I hope to have it out by the end of next week, if you are interested in testing it, let me know. Security is always my biggest concern with apps like this... I spend probably 50% of my development effort thinking of scenarios where people might hack it.

Monday, October 09, 2006

New Home

A while back I was looking for a new place for my servers to live. Well I found a place, and today the move went off without a hitch.

The new hosting facility it much better then any previous ones I've been in, since it appears to be jointly ran by Lockheed Martin, and hosts government servers. After seeing the huge redundant generators and 3 story cooling towers with gravity fed water tanks I was pretty much sold. There is so much redundancy in this place, there is a good chance you will still be able to buy chimney sweep software and used cars if DC gets nuked. There's even 24/7 security in case you were thinking of physically unplugging my hardware.

My parting thought is that if I ever get my hands on the person that writes the interfaces for Netscreen/Juniper firewalls, I will rip them limb from limb.

Sunday, October 08, 2006

Have you had your chimney swept this year?

I get a kick out of telling people I make software for Chimney Sweeps. The first image that comes into most people's minds is Dick Van Dyke in Mary Poppins sitting there with a laptop. The truth is that Chimney Sweeps in this day and age are more like high tech inspectors then black lunged dredges from a Dickens novel.

Oh they still sweep chimneys, although it's usually done with a combination of brushes and vaccumes. Some even still dress up like the old time chimney sweeps. But they do a lot more then that. Today most chimney sweeps are equipped with chimney scanning cameras. These little robot-like devices can be sent up your chimney and reveal cracks and other fire dangers that would not be visible to most humans with a flashlight.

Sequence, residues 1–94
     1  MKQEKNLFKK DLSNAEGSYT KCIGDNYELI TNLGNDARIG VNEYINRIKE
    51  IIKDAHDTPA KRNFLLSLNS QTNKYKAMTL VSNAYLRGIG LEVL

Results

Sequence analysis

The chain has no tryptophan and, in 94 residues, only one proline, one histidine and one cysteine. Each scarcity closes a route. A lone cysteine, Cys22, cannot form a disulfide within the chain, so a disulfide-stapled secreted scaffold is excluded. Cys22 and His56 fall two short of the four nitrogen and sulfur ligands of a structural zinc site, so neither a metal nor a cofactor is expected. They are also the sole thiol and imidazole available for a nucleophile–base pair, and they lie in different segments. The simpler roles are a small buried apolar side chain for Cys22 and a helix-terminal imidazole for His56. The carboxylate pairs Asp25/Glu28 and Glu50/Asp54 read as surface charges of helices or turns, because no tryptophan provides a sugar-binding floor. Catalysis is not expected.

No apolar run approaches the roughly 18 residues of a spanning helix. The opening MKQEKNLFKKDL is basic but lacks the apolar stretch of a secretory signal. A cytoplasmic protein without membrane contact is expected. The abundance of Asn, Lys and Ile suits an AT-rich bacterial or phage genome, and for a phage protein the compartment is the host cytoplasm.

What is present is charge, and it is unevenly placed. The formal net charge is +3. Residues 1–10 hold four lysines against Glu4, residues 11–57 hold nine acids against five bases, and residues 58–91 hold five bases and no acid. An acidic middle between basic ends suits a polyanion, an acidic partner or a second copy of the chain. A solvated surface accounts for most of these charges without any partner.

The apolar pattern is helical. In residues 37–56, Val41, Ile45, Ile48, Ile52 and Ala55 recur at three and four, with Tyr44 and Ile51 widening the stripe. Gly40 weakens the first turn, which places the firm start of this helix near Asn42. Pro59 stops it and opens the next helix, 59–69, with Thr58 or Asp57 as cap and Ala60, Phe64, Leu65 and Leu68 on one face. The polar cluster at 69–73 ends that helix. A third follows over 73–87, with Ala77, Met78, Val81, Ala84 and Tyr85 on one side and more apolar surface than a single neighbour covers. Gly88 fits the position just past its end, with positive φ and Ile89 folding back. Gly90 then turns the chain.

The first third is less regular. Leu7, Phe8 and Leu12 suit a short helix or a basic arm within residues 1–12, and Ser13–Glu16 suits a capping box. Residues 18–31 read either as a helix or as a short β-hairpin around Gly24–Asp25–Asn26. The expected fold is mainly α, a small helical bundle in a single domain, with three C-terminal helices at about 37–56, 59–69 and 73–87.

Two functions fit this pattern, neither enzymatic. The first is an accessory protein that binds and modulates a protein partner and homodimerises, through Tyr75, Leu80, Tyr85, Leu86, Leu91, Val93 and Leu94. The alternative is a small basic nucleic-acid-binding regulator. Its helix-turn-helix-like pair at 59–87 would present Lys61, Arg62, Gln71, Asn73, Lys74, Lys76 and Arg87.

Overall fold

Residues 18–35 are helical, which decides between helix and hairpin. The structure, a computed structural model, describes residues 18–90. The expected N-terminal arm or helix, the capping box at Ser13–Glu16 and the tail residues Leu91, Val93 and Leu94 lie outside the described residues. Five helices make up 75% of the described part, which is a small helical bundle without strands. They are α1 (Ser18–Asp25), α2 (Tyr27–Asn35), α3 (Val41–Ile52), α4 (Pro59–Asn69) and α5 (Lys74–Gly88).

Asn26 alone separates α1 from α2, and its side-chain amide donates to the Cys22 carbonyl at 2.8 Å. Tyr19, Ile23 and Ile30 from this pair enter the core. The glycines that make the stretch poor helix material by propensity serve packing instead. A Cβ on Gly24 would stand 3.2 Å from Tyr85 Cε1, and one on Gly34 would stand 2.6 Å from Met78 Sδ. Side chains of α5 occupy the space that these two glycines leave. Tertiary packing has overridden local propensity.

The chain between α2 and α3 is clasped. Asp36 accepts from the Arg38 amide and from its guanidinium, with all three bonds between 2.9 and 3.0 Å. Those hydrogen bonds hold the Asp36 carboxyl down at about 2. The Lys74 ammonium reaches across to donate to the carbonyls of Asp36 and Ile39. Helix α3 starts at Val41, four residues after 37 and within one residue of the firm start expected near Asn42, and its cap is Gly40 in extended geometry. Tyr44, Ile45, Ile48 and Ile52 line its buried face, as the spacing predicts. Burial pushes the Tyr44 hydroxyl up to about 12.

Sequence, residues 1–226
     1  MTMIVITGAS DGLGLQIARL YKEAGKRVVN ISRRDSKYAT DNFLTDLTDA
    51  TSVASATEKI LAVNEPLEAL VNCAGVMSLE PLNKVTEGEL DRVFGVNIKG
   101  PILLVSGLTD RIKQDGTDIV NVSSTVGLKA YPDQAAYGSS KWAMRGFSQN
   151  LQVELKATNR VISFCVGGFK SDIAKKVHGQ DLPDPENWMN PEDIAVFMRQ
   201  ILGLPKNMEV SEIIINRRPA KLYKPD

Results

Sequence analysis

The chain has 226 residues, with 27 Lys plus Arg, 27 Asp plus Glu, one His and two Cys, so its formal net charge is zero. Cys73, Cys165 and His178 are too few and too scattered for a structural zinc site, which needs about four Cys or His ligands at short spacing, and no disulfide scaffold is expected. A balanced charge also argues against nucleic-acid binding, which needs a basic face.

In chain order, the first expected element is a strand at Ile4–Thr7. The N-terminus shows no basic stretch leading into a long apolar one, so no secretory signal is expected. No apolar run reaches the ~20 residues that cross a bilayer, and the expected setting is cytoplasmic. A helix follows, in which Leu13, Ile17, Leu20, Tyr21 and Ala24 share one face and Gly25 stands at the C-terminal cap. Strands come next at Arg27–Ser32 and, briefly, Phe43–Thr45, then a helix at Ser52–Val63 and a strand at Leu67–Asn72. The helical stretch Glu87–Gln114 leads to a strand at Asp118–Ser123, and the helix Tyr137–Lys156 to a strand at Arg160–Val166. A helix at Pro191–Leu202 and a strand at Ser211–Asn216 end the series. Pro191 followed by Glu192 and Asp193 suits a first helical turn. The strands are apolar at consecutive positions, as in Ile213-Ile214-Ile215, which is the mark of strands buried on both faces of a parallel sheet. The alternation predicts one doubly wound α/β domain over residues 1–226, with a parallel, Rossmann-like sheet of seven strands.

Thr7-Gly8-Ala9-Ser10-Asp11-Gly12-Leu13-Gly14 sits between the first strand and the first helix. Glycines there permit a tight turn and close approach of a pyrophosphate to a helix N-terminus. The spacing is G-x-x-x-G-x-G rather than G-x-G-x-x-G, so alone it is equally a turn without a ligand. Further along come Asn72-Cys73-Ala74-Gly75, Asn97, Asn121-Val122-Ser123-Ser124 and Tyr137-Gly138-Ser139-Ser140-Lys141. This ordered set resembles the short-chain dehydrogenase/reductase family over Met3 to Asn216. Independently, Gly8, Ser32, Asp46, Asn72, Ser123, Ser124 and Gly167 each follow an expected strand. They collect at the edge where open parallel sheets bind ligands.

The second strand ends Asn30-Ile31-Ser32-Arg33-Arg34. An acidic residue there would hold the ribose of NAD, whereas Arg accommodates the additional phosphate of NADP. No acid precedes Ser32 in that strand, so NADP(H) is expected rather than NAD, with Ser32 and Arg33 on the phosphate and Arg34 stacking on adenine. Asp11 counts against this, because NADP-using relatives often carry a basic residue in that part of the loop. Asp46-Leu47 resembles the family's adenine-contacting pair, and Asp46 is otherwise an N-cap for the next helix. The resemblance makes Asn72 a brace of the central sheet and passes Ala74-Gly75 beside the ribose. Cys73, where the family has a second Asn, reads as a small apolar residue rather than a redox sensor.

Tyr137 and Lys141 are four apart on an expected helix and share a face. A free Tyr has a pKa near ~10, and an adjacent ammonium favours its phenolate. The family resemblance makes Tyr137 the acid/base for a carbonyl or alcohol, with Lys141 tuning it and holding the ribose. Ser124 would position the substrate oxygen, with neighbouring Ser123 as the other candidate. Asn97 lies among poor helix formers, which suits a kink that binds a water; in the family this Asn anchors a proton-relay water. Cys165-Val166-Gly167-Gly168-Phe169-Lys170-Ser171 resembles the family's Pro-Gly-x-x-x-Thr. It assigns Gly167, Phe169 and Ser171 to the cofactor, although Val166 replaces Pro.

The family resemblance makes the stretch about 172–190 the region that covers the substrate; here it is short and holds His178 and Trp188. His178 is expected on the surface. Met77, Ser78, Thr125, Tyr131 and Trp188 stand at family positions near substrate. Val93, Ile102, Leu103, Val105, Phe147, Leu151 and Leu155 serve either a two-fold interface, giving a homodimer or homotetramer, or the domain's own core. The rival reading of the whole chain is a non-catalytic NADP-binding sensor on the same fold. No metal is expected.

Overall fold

When a chimney sweep sweeps your chimney, they will typically give it an inspection as well, checking dampers, draft, and other fire dangers. Every year people experience chimney fires, and others die from carbon monoxide poisoning. Regular chimney sweeping can help to prevent both of these things.

With energy prices high, chimney sweeps can also help you insulate an area of your home that can leak lots of energy. They can install high tech flues, reflectors, and dampers to help you save more energy, and increase the amount of heat you receive from a fire.

I get my chimney swept once a year, have you had yours swept lately? If you live in the northeast I can probably recommend someone in your area, if not, be sure to check The National Chimney Sweep Guild's or the Chimney Safety Institute of America's websites for a certified sweep in your area.

Of course, if they are not using ChimSoft yet, feel free to give me a plug ;)

Thursday, October 05, 2006

Reward Yourself

For the other MicroISV'ers out there, if you are making $100 a month or $1k a month, remember why you probably started your business in the first place, to have fun! It's important to reward yourself in some way, or the stress will build and you will burn out quick. Set a small goal for yourself, and if you reach it, give yourself a small reward.

For me, I had always promised myself once I reached a certain level of earnings I would buy something I dreamed about as a kid, season tickets to by alma matter, University of Maryland Basketball. They are perrenially sold out, and season tickets go for a fortune on eBay. I finally got some this year, and not only will it force me away from the computer for 20 games, but it also reminds me why I am spending time on all this in the first place!